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The Ploughmen    by Kim Zupan order for
by Kim Zupan
Order:  USA  Can
Picador, 2015 (2014)
Hardcover, Softcover, CD, e-Book
* *   Reviewed by Bob Walch

Set in Montana, this intriguing novel focuses on two men with very dissimilar lives yet some odd connections as well. John Gload is a contract killer who has a long list of victims. In his late seventies, he has been arrested and is locked up in a small, rural jail.

Valentine Millimaki is the Deputy Sheriff who draws night duty and must look after the killer. During the long, cold, lonely night shift the two men strike up an acquaintance and share some of the particulars that brought each one to this point in his life.

Both men share a love of nature and a farm background. Also, important events in their youth set the course for how their adult lives turned out. As the complicated friendship between these two develops, the reader will discover the relevance of the novel's title and how it relates to these individuals.

Zupan lives in Missoula, Montana, and his knowledge of the natural environs of his home state is central to the development of this unforgettable tale of friendship and violence. Kim Zupan sets his hook early and once he reels you in, you are his until you finish this spellbinding story.

2nd Review by Mary Ann Smyth (Rating:3):

NPR declared that The Ploughmen by Kim Zupan was one of NPR's Best Books of 2014. I must agree. Also, The Ploughmen was a Barnes and Noble Discover Great New Writers selection.

Deep in the lonesome Montana country, this wonderful debut novel explores the strange relationship between John Gload, a prisoner awaiting execution, and Valentine Millimaki, the young prison guard who drew overnight duty until Gload's demise.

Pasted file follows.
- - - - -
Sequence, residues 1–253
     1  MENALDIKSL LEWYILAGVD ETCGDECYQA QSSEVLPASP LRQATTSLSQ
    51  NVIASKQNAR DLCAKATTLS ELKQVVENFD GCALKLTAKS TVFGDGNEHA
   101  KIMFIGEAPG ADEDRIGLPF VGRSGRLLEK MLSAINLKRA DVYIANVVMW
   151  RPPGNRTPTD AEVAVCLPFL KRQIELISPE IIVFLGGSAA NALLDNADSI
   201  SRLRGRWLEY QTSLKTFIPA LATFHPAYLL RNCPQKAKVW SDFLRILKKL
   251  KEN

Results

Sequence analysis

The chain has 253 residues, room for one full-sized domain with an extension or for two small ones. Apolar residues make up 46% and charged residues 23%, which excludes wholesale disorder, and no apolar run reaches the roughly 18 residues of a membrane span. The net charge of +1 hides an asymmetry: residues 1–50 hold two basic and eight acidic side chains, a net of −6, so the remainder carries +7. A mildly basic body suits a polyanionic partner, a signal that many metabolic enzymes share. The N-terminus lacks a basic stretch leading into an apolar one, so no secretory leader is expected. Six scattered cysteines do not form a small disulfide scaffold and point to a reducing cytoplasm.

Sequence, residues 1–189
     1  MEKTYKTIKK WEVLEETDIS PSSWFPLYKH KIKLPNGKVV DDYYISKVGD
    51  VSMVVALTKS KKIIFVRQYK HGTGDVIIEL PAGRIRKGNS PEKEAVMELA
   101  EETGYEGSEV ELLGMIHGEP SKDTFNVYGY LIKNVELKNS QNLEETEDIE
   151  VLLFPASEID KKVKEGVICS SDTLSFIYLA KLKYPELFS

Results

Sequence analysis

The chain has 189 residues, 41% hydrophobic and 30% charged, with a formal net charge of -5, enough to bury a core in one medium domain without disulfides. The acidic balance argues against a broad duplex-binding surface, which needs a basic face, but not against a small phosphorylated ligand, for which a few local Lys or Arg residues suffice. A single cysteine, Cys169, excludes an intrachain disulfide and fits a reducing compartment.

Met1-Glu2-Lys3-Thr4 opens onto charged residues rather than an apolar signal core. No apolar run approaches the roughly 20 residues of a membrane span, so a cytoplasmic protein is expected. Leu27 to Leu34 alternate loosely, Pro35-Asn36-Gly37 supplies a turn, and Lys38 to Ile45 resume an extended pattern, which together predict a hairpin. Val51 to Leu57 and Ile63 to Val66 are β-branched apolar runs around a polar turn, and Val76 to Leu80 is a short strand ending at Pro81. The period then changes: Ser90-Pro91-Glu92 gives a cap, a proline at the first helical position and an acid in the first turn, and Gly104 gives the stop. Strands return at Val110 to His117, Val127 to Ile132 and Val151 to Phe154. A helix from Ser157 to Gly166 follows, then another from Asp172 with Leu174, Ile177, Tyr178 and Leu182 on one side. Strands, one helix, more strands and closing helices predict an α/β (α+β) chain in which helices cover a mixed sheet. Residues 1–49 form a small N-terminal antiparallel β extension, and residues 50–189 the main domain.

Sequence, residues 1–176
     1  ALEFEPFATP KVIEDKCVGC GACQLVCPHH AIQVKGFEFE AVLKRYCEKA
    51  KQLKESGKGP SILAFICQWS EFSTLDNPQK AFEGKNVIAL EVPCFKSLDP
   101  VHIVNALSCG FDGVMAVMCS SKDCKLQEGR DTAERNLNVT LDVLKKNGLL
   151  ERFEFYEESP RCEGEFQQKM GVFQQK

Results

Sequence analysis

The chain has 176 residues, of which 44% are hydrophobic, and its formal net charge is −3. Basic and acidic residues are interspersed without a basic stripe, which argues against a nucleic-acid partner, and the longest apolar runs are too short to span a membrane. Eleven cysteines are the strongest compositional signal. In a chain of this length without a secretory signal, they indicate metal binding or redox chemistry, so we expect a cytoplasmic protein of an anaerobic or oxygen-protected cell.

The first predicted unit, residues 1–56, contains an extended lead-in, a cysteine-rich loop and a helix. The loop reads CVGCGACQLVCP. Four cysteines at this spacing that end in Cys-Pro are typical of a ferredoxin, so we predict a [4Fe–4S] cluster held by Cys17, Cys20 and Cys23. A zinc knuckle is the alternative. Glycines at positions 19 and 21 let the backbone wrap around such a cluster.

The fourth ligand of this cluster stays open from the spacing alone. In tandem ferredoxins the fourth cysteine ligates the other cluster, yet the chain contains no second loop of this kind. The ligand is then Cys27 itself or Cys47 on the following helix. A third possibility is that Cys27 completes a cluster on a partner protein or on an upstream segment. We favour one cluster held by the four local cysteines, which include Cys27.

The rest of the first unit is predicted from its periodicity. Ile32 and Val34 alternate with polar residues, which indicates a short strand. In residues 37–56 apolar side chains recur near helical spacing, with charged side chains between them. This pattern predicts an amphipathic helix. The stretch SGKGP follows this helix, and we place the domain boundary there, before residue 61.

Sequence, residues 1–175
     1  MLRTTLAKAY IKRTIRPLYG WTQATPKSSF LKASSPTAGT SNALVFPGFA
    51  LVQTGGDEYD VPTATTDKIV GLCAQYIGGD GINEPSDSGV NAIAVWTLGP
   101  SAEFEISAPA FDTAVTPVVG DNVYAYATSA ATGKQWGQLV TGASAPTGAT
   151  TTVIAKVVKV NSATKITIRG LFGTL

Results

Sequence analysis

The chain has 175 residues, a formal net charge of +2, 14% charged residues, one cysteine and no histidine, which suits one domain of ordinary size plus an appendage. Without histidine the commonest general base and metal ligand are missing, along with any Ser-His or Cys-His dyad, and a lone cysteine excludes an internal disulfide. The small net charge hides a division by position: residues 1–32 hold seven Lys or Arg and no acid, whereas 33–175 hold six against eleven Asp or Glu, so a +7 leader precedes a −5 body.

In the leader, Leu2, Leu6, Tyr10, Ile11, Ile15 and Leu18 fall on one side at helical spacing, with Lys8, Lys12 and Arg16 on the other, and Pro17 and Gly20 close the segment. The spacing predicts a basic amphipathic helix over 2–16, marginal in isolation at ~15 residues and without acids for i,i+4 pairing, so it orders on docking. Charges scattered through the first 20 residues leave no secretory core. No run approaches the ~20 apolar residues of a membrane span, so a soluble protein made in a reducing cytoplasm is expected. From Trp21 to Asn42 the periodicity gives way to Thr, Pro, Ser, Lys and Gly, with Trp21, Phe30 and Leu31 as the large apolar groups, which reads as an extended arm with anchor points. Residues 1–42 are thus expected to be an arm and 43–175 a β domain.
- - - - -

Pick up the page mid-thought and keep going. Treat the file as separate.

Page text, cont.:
We read of their incredible stories while also becoming familiar with the Montana countryside, which becomes as though another character in the novel. We learn of the colors of rocks at different times of the day; the temperature of a fast-running stream; the blackness of a moonless night; the fragrance of a meadow of wild flowers at their peak. A beautiful place to be.

But we also learn Gload's story and the brutal life he led. At the same time, young Millimaki is trying to come to terms with his own life which he suspects is similar to Gload's. It feels as though we are being allowed to eavesdrop on them as we learn of their personalities. It seems as though the two men should not have anything in common. Their discussions make us see that they are not too far apart in their thinking. Just that one took one path in life while the other took the adjacent path.

Though Gload led a very brutal life and gave little thought to those he killed, Millimaki questioned his own decisions and listened to the older man give counsel. This is a gloriously written book that should not be missed.

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